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St. Louis Immigration Attorney Jim Hacking Discusses Librarians Helping Immigrants

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Two women are helping immigrants file legal paperwork in an unusual place. The Hartford Public Library (HPL) has become the first certified library in the country by the Bureau of Immigrant Appeals to allow library employees to legally assist immigrants with paperwork.

Library first place where immigrant go

Homa Naficy and Maryanne Daly-Doran are taking appointments from immigrants who need legal assistance. HPL is the first place for immigrants to go because it is the first place that can give them access to the internet and printer services before they walk across the street to the U.S. Citizenship and Immigration Service (USCIS). The idea first started when librarians noticed that immigrants had trouble navigating through the online applications that require fees and email addresses which many did not have. HRL employees are not legally supposed to help immigrants to fill out the applications, but that is where Naficy can step in.

Training and legal certification required to give legal advice

Naficy and Daly-Doran went to look for certification from the Bureau of Immigrant Appeals. The process involves completing over 40 hours of training which prepares people to give legal advice to immigrants. The librarians have broadened their services further to include setting up email accounts and applying for credit and debit cards for immigrants. According to Rafael Pichardo, a lawyer, “It’s really easy to practice law without intending to.”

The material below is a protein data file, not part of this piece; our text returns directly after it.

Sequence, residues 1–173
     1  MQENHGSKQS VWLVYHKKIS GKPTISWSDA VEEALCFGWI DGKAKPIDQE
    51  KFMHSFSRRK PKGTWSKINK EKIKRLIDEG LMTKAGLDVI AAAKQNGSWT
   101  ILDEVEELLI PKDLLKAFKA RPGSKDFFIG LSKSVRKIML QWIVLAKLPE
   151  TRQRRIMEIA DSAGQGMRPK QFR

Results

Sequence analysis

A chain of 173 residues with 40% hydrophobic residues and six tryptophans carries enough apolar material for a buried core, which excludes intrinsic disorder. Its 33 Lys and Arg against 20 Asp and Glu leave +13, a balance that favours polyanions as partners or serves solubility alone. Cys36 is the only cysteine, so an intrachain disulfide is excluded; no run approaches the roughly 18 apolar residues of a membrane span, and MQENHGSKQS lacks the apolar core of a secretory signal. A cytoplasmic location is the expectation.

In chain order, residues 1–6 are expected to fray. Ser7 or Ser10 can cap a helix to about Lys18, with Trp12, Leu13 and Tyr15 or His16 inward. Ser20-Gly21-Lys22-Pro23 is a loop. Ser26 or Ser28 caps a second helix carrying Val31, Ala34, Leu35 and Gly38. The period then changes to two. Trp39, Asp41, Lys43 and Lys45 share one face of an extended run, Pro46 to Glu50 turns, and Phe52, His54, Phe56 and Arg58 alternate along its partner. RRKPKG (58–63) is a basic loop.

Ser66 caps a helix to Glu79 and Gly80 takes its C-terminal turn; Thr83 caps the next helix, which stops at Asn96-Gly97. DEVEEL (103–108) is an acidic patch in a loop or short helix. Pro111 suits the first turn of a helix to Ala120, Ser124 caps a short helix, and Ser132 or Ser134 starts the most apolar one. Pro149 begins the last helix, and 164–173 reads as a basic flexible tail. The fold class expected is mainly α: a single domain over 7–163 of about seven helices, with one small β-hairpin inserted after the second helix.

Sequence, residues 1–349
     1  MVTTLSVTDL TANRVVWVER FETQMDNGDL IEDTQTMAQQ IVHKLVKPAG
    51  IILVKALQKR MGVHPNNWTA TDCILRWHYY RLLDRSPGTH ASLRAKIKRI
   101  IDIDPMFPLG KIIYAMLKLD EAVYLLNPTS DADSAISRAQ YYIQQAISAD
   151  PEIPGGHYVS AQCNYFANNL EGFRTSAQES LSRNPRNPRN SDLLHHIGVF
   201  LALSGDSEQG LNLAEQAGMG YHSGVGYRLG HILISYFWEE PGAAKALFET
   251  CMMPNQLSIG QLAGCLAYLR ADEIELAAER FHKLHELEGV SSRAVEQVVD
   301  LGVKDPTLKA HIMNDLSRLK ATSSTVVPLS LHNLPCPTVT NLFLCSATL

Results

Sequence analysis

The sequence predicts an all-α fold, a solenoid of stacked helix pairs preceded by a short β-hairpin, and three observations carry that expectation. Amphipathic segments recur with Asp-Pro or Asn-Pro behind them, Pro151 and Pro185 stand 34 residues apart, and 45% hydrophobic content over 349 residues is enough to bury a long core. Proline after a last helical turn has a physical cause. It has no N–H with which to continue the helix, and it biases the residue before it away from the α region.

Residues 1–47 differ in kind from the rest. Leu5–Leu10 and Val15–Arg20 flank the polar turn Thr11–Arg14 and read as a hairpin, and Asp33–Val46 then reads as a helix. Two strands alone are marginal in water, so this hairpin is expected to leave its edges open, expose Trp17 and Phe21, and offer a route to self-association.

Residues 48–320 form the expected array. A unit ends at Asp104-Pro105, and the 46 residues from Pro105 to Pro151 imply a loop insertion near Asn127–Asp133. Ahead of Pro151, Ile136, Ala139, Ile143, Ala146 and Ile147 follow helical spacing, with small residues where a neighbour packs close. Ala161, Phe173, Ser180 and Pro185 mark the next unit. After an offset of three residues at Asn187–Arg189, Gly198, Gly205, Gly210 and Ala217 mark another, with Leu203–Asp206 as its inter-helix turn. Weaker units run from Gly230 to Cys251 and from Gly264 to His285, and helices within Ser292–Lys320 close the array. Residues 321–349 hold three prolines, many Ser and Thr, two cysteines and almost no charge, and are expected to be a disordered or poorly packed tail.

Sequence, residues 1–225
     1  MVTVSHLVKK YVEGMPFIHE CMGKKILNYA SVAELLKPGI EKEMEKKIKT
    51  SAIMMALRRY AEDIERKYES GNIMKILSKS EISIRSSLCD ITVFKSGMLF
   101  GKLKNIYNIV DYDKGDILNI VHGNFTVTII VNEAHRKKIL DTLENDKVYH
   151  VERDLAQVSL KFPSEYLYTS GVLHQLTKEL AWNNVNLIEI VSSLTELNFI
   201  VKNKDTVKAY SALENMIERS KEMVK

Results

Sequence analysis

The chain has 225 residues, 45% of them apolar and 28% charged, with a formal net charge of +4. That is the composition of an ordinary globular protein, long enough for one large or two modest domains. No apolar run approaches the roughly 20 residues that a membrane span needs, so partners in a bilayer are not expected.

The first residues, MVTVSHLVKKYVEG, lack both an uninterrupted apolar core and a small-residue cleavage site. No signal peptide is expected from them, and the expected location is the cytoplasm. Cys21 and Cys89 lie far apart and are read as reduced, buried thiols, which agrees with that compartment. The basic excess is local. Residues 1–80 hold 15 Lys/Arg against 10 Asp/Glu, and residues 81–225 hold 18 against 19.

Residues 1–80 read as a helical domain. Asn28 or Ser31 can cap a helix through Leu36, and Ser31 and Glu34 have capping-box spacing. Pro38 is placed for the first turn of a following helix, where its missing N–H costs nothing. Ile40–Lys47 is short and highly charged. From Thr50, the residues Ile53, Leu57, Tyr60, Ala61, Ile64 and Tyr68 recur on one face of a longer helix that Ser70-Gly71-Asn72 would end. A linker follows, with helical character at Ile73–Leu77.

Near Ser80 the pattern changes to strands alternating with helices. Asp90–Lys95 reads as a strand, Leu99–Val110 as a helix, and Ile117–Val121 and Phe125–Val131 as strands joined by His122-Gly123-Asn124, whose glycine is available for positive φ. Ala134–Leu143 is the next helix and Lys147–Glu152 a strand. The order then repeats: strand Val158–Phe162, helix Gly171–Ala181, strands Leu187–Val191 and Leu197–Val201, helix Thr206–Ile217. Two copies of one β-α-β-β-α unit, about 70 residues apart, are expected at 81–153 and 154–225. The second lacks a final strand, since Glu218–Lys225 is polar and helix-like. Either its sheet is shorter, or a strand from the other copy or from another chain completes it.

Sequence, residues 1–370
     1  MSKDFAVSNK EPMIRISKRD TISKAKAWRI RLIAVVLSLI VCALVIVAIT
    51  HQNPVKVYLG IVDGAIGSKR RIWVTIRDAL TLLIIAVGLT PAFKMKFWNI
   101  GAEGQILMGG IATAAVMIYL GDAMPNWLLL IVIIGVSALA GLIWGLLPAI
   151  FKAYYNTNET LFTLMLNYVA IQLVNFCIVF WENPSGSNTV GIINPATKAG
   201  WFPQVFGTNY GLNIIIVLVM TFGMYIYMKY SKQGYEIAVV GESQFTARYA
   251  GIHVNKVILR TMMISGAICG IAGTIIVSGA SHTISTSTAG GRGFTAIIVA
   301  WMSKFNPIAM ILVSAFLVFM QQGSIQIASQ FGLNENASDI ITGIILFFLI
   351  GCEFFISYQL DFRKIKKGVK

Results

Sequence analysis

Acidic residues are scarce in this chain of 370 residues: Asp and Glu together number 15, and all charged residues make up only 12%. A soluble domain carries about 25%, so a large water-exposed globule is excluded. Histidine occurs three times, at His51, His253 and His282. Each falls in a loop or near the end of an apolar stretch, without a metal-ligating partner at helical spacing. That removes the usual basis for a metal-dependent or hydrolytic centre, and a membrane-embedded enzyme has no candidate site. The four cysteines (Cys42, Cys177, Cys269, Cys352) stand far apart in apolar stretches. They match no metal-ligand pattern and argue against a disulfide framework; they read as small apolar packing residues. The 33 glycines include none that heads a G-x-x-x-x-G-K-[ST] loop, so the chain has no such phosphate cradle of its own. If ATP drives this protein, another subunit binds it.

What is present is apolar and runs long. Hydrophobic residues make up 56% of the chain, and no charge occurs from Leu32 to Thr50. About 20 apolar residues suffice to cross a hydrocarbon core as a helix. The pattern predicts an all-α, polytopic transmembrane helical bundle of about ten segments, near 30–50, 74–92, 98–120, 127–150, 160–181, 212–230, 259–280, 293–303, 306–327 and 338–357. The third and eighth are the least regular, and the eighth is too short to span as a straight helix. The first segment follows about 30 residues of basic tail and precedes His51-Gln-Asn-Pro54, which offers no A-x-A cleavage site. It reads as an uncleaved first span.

In fact, when someone tells another something about immigration forms, that person is unintentionally practicing law. The accreditation for the staff give them legal authority to do so within the institution. Libraries have helped immigrants for many years by setting up English classes and naturalization courses, but this is the first time they are offering legal services to those that need it. Libraries nationwide have participated in community outreach programs which have positively influenced the immigrant community, but this step towards adding legal advice may encourage other libraries to follow suit.

While it is certainly commendable that these people are working to help immigrants complete forms, it cannot be forgotten that there are some immigration issues that should only be handled by a competent immigration attorney.  Immigrants should look for the best legal solution possible and sometimes sending in forms is the worst thing that can happen to an immigrant.

If you have questions regarding the new immigration reform, applying for a visa or the changing immigration laws, contact us at 314-961-8200 or visit our contact page.

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